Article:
Sunday, 22 May 2016

#74. March Of The Albatross – 21st Century Ox


Dion Barker: bass, backing vocals, percussion
Harry Fahey: drums
Brendan Hoffmann: vocals, guitar, percussion
Matt Neal: guitar, vocals, percussion

Lyrics by Brendan Hoffmann.
Music by Dion Barker, Harry Fahey, Brendan Hoffmann and Matt Neal.
Recorded in the Warrnambool City Band Hall in 2000.
Produced and mixed by Harry Fahey.
Released on the 21st Century Ox album What Am I Going To Do With All These Portaloos?.



This remains, to this day, the most Herculean feat of mixing I’ve ever seen. It probably doesn’t sound much chop to your modern ears, but this was recorded under various levels of duress by Ox drummer Harry Fahey, who it turns out is a Level 5 Sound Mage.

Here’s the set-up: It's the year 2000. My band 21st Century Ox - Warrnambool’s self-proclaimed “alternative to the alternative” - has set up shop for the day in the Warrnambool City Band Hall to do some recording. Harry, who is undertaking TAFE’s Music Industry Skills course at the time, has secured the use of TAFE’s digital four-track recorder for 24 hours. The plan is to record a demo for The Ignored so we can enter the song into the Couch Surfing competition and try to win us some money.

Yay, another chance to use this pic from The Standard of 
21st Century Ox with artist Damian "Macca" McDonald
to celebrate us all winning Couch Surfing.

The day progresses well. Harry, bassist Dion Barker, guitarist/vocalist Brendan Hoffmann and myself smash out a pretty decent demo of The Ignored (since lost to the mists of time) in between ducking up to Fishtails for coffees and getting progressively more inebriated as the day goes on.

My memories are hazy, but I think we had a crack at recording another song called Sorry I’m So Stupid after we’d finished The Ignored, but abandoned it because I couldn’t nail the vocals. So we turned our attention to a song Hoffa had written called March Of The Albatross. It was an odd tune, but one we’d been playing since our first gig in April, 2000.

First Ox setlist. April 2, 2000.

The song consisted of one lyric and one riff, played at varying degrees of heaviness, so there wasn’t much to it, but it was a song we could jam on and mess around with every time we played it. And given that we were getting pretty trashed by the time we turned our attentions to recording a new song, it was a perfect candidate.

This pic was taken during the recording session in the band hall. 
Hats took up much of the recording budget.
Pic: Brendan Hoffmann

“My original idea for the lyrics,” Hoffa said, “were my usual punk, anti-establishment comment on 'sheeple'. I was very much into me vs the drones back then. You may see a resemblance between the albatross, the cats (from a future blog) and the cash man... I definitely had a theme going!”

We laid down the basic tracks - I think the finished version was take 2 - and decided to start messing around with overdubs. This is where Harry’s heroics came into play. Remember: this is a digital four-track recorder we’re using so it only has four tracks to record on. Every time you want to record a new track, you have to “bounce” the four existing tracks on to one or two tracks to clear room. But bouncing means the mix is set. You can’t remix what you’ve bounced. There’s no undo button.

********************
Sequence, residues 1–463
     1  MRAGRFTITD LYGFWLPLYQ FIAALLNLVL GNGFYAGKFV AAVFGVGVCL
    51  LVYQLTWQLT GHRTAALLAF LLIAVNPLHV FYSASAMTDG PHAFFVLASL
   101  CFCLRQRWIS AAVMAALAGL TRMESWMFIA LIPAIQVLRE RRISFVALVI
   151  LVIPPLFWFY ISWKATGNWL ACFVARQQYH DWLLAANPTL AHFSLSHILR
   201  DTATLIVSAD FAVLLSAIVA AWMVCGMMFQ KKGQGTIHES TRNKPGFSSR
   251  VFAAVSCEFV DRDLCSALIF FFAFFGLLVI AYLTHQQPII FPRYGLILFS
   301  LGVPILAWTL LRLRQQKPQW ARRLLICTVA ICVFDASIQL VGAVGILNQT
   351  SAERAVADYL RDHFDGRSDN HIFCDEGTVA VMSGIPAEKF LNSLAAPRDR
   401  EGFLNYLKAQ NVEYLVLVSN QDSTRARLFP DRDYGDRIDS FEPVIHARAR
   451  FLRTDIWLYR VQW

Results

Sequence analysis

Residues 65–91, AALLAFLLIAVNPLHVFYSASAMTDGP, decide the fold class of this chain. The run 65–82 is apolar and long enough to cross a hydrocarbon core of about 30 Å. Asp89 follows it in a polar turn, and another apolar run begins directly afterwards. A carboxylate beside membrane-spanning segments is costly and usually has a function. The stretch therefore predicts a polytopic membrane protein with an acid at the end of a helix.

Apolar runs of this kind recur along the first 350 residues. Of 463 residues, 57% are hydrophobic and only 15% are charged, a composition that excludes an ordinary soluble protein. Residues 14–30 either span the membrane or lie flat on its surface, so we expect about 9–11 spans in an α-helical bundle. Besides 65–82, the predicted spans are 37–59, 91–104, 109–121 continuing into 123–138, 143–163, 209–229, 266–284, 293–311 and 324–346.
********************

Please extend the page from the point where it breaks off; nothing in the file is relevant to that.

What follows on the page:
Myself, Dion and Harry getting set up for recording in the band hall.
Picture: Brendan Hoffmann.

By this stage we were fairly messed up, but Harry rallied like the trooper he is. Dion, Hoffa and I were running around coming up with crazy new layers to add to the song. There was an awesome Mega Boogie amp someone had left in the Band Hall that we made extensive use of because it sounded fucking incredible. We added stacks of percussion including coffee cups and gueros and thumping on tables (most of which is out of time and gives the song a certain psychotic seasickness). And we decided to make use of the acoustics in the bathroom for extra eerie vocals.

All the while, Harry bounced and bounced, somehow managing to retain the core drum, bass, guitar and vocal tracks. All while off his head. Like I said, it was a Herculean effort.

“Dude, it’s in the region of 40 tracks on a four-track recorder,” Harry recalled. “Fuck me that was epic! Best memory is you guys in the bathroom with a mic pointed into the sink to get that beautiful porcelain reverb and running water effect over a psycho screaming session.”

"You know what I think it needs, Harry? Psycho screaming!"
"Shut up, Doc."

Here’s Hoffa:

“The tracks upon tracks of Mesa Boogie guitar amp made for the most epic guitar sound ever in an Ox song! I remember the goth fans loved it!”

And here’s Dion:

“The recording was done in conjunction with The Ignored demo. Talk about layer upon layer upon layer! That thing had more bumps than all the posts on a Buy Swap Sell page!  A miracle of digital four-track technology, if you will.  And despite the many, many, many tracks, it's still a very uncluttered recording - it's not over-the-top, or a jumbled mess of nonsense (although very abstract).  It was one of the more polished Peppermint-esque recordings, and a symbolic representation of the playful and fun-filled genre that Doc so eloquently described as "the alternative to the alternative". Good times! Despite all the influences, H-Bomb (Harry) had the uncanny ability to keep us on task when needed. And it certainly was an experience, it just so happened that it resulted in a pretty good track, in spite of the absurdities.”

Me, laying down vocals on The Ignored. Pic: Brendan Hoffmann

Listening back, 16 years (holy shit!) later, it’s hard for me to separate the song from the experience. Compiling this track remains one of the most enjoyable recording experiences I’ve ever had. It was chaotic, experimental, and abstract, but the finished product wasn’t a total mess (thanks to Harry). We all learnt a lot and I think the recording is a good example of combining spontaneity and overdubbing, which can be tricky in a studio environment.